The demilitarized zone, or the DMZ, between North Korea and South Korea is arguably one of the most unique and dangerous places in the world. North and South Korea are, after all, still technically at war. They signed an armistice agreement in 1953, but that's basically a ceasefire, not a peace treaty that ends a war. In certain areas along the DMZ, you can peer across and find a North Korean soldier staring back, watching.
President Obama came to the DMZ recently to get a firsthand look inside the most reclusive country in the world.
North Korea has bedeviled U.S. administrations for decades, leading to presidential visits by Ronald Reagan in 1983, President Bill Clinton — who described it as "the scariest place on Earth" — in 1993, and President George W Bush in 2002 -- all of them eager to get a glimpse inside one of the world's least understood countries.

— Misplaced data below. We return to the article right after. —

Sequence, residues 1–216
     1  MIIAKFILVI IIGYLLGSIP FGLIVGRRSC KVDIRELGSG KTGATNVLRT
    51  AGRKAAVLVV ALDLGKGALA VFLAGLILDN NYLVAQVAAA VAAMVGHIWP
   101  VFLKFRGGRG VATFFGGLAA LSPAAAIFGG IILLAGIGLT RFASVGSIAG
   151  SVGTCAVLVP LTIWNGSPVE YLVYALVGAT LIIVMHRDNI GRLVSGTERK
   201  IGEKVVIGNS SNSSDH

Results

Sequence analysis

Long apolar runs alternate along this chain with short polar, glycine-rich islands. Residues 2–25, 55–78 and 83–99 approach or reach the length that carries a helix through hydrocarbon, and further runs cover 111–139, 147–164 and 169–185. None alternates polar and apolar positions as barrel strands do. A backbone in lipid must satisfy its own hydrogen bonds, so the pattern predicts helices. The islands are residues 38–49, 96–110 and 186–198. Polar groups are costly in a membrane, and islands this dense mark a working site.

Over the years there have been a number of skirmishes in the zone, one of the most infamous is known as the 'Axe Murder Incident.' On August 18, 1976, U.S. and South Korean soldiers were pruning a tree that was obstructing a view when North Korean soldiers arrived and demanded that they stop. The commander, U.S. Capt. Arthur Bonifas, refused, which led the North Korean soldiers to attack the U.S. and South Korean soldiers using tree trimming tools such as axes as weapons, killing 1st Lt. Mark Barrett and Capt. Bonifas. The U.N. post here is now named Camp Bonifas in his honor.
Today, North Korea remains as nefarious as ever. The third generation of the Kim family dynasty is still in charge. Despite on and off talks with the West, North Korea continues its quest toward building nuclear weapons and they have scheduled a satellite launch for mid-April, thought to be a missile test. In response, the U.S. is threatening to halt food aid, which will most likely hurt average North Koreans, not their leaders.